Another forced labour case revealed in China

Police in northern China have rescued 217 people, including 29 children, who had been forced to work as slaves. The world's most populous country sees frequent reports of human trading, and child labour is thought to be common in the poorest and most remo

Since the first case was revealed in early June, newspapers and television broadcasts have been filled with images of wounded, emaciated and traumatised slaves. 

Children kidnapped from Henan province, shipped to nearby factories by human traffickers and forced to work in brick kilns. Lured away with promises of high-paying jobs but never paid wages, some of the children recovered in raids are as young as eight years old.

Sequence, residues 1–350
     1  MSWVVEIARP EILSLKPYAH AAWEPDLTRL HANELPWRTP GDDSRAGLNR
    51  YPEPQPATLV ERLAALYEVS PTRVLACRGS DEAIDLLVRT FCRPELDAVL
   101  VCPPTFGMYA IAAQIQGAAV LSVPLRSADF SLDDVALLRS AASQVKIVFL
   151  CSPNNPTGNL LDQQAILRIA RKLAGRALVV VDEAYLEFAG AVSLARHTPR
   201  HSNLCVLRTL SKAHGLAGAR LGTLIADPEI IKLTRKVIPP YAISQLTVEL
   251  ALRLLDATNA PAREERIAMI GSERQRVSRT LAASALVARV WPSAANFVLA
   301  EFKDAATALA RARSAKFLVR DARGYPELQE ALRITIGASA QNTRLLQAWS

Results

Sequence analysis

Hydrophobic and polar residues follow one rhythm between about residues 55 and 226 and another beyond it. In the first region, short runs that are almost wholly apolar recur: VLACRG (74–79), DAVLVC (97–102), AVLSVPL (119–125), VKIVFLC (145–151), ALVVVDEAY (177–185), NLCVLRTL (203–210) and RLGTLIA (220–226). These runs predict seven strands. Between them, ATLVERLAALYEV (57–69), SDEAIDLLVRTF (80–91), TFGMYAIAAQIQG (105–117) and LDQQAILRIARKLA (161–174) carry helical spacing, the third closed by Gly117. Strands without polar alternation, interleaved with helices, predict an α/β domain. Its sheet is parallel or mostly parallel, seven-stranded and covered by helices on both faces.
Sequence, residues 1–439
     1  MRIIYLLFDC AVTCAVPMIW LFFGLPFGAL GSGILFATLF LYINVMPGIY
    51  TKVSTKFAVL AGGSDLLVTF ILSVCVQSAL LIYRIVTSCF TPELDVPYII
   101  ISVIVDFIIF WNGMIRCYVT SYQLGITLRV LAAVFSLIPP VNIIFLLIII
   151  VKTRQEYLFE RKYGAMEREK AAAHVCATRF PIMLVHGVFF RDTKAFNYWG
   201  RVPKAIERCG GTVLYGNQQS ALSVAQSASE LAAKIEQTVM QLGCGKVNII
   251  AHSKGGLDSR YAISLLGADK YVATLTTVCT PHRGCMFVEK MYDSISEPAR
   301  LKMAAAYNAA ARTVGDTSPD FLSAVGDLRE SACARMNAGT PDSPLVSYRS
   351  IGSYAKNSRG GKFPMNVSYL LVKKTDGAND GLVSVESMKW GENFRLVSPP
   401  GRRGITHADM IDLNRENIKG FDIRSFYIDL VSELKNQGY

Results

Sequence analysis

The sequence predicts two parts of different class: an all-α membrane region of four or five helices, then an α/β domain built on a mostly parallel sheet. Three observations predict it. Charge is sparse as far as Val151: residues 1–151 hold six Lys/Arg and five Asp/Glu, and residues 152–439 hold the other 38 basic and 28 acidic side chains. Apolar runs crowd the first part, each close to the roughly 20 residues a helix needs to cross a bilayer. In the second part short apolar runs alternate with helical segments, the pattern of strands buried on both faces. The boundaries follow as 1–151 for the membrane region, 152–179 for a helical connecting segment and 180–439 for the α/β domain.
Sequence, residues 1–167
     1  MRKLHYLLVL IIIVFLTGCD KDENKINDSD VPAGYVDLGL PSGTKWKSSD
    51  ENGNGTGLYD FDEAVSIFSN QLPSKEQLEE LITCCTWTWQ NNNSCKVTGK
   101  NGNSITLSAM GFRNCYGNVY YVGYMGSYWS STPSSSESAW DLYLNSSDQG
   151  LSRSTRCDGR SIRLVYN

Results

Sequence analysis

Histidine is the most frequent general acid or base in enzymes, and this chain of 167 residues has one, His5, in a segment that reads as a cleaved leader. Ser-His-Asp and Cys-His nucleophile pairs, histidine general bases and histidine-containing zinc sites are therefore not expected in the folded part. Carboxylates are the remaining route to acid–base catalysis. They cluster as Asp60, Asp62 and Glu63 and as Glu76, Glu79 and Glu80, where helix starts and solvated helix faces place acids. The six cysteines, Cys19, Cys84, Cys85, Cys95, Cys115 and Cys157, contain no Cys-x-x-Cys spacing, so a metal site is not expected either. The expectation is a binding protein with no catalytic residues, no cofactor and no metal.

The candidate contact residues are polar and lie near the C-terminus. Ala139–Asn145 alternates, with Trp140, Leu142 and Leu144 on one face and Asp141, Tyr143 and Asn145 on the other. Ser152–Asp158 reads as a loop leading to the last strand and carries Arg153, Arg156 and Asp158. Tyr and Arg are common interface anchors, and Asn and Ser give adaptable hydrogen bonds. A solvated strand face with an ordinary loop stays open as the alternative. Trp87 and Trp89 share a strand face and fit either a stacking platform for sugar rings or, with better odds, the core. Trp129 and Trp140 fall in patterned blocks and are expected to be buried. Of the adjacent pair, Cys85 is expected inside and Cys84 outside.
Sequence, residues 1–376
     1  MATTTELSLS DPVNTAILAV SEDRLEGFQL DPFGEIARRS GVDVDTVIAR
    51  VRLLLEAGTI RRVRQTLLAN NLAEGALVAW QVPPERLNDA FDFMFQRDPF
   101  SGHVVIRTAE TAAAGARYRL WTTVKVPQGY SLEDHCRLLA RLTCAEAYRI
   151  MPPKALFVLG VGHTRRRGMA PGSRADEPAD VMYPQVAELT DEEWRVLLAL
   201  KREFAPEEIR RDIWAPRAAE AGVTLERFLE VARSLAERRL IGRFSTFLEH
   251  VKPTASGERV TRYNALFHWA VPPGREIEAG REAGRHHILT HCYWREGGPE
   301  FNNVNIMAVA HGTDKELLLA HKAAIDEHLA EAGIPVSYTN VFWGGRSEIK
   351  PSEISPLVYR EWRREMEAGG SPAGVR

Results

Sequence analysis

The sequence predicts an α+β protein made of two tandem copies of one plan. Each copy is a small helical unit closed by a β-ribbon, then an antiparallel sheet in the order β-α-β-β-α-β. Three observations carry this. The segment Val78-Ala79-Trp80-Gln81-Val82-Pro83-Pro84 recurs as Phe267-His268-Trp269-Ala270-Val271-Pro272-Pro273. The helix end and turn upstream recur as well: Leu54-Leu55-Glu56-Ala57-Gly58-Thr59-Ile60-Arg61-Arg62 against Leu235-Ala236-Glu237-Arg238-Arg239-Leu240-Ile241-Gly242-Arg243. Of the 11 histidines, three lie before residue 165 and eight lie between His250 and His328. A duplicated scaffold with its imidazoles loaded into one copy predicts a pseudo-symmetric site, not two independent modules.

The latest scandal might not have come to light, had a group of 400 men with missing sons not sent out a collective cry for help on the Internet. So, government officials and police accused of turning a blind eye to slavery rings were forced to take action.

Not a new reality in China, this is a problem regularly topping tables when it comes to international reports on human trafficking and the slave trade. Ongoing labour shortages in the northern provinces is thought to be a major factor behind the use of forced labour and underage workers at mines and brickworks in the area. 

Despite this crackdown, hundreds more parents have yet to reunite with their children.

The scandal adds to other embarrassing revelations about the plight of Chinese workers, including reports that children were being used to make merchandise for the 2008 Beijing Olympics.